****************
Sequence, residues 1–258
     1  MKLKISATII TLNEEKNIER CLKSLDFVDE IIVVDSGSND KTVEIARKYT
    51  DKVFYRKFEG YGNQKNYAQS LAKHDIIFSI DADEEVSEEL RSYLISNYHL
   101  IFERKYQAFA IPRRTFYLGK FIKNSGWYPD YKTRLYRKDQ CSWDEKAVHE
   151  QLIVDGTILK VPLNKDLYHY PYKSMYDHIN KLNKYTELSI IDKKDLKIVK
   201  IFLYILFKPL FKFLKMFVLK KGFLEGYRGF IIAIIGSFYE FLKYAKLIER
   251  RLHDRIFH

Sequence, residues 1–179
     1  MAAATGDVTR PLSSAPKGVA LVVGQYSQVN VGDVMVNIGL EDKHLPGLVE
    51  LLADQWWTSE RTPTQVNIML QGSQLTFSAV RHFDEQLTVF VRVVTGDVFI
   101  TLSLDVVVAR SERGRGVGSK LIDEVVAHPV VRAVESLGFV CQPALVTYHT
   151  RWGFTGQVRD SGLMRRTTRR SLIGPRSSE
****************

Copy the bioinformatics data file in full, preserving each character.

Sequence, residues 1–258
     1  MKLKISATII TLNEEKNIER CLKSLDFVDE IIVVDSGSND KTVEIARKYT
    51  DKVFYRKFEG YGNQKNYAQS LAKHDIIFSI DADEEVSEEL RSYLISNYHL
   101  IFERKYQAFA IPRRTFYLGK FIKNSGWYPD YKTRLYRKDQ CSWDEKAVHE
   151  QLIVDGTILK VPLNKDLYHY PYKSMYDHIN KLNKYTELSI IDKKDLKIVK
   201  IFLYILFKPL FKFLKMFVLK KGFLEGYRGF IIAIIGSFYE FLKYAKLIER
   251  RLHDRIFH

Sequence, residues 1–179
     1  MAAATGDVTR PLSSAPKGVA LVVGQYSQVN VGDVMVNIGL EDKHLPGLVE
    51  LLADQWWTSE RTPTQVNIML QGSQLTFSAV RHFDEQLTVF VRVVTGDVFI
   101  TLSLDVVVAR SERGRGVGSK LIDEVVAHPV VRAVESLGFV CQPALVTYHT
   151  RWGFTGQVRD SGLMRRTTRR SLIGPRSSE